SKyPAC board to start capital campaign

Shawntaye Hopkins

Another step has been taken.

In an effort to fund the Southern Kentucky Performing Arts Center, the SKyPAC board voted on April 17 to establish a capital campaign to raise money from private developers.

Planning for SKyPAC began in January 2001, said Rick McCue, chairman of the SKyPAC board. The center will create another venue for visual and performing arts to be used by Western and the community.

The campaign has not formally begun. The board is meeting with a fund-raising consultant to work out the details of the campaign.

The board still has $4.5 million of $6.75 million from the Kentucky General Assembly available for the project, which has been used primarily for land acquisition, McCue said.

But the project will cost about $45 to $50 million. McCue said the funding will come from state and federal funding and private donations.

He said he hopes construction can begin in less than two years.

The center will be built across from the Kentucky Building, McCue said. The SKyPAC parking lots are located between Kentucky, Adams and 14th streets.

John Osborne, associate vice president for Facilities and Campus Services, said it is possible Western could lose 700 parking spaces from the gravel lots while the building is under construction.

Osborne said, after SKyPAC’s completion, there will be 350 spaces that Western can share with SKyPAC.

Campus police Capt. Charles Wallace said the majority of parking in the gravel lots is used by commuters and zone B permit holders.

He said there have been no decisions made about parking alternatives for students during construction or about who will be permitted to park in the SKyPAC lot after its completion.

“The only agreement that has been reached is that we will establish a mutual agreement for shared use of the parking after the building is complete,” Wallace said.

Jim Bohannon III, treasurer of the SKyPAC board, said student parking will be similar to the situation at Diddle Arena. He said students could be asked to move for large performances in the evening, but such performances will be scarce.

But even if SKyPAC has a negative effect on parking, many believe the center will be beneficial to Western.

McCue said, because SKyPAC will be a new, state-of-the-art facility, Western may choose to have performances there as opposed to Van Meter Auditorium.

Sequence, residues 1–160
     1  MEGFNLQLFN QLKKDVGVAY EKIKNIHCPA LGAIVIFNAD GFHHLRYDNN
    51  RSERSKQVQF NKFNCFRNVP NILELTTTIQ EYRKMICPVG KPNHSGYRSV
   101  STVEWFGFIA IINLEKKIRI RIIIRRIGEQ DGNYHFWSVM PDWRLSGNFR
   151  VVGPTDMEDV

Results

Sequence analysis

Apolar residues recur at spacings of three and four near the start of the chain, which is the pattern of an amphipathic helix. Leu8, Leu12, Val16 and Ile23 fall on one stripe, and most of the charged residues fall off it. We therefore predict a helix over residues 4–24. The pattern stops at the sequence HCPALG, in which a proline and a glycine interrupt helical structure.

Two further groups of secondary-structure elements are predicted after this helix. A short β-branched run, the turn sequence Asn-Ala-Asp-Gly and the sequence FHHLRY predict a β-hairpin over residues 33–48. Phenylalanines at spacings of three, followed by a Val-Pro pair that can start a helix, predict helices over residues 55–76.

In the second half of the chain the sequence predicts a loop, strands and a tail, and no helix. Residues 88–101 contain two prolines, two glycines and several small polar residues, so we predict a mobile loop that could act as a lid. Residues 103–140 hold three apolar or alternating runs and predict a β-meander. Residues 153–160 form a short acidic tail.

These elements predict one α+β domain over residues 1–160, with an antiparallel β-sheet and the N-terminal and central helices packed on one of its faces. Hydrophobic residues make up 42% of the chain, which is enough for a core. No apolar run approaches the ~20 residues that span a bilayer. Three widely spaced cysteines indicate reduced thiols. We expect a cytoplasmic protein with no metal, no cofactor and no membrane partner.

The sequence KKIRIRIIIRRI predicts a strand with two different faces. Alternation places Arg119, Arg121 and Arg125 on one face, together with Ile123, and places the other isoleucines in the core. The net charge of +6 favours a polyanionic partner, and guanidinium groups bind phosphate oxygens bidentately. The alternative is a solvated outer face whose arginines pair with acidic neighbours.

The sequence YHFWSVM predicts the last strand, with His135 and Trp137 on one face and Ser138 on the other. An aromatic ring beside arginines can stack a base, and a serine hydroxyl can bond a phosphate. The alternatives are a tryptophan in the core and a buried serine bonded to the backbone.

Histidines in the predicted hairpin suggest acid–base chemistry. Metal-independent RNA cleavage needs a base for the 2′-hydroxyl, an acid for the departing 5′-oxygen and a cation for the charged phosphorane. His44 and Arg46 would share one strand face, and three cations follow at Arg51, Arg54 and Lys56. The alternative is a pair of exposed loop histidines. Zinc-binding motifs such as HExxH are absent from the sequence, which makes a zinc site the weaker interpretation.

“As nice as Van Meter is, it is awfully old,” he said.

David Lee, dean of Potter College and Western’s representative on the SKyPAC board, said in comparison to Van Meter, SKyPAC will have some edges. He said it will be more handicap accessible and parking at the new facility will be easier than finding a spot on the Hill.

“SKyPAC is going to have parking in close proximity to the building,” Lee said.

James Chalmers, art department head, looks forward to SKyPAC’s completion. He said the art department will take advantage of the exhibition space, as well as the classroom and studio space.

But Scott Stroot, theatre and dance department head, said his department may not get much use out of the center.

“I think it’s a good project,” he said. “We are looking forward to it. But people shouldn’t assume that we are automatically going to start using it.”

Stroot said the facility is expensive to use and there are no shops to build sets for a show. He said the department would have to build sets on campus, then take them to SKyPAC. He said touring a show to SKyPAC is no different than touring a show to Louisville or Lexington, except for the shorter distance.

Stroot also said the department would generally not attract enough people to fill the large auditorium expected at SKyPAC. The center is expected to seat between 12,000 and 18,000 people.

Lee believes SKyPAC will make Western students who use the center feel like they are not just a part of Western but are also a part of Bowling Green.

“It will bring students and members of the community closer together,” he said.

Reach Shawntaye Hopkins at [email protected]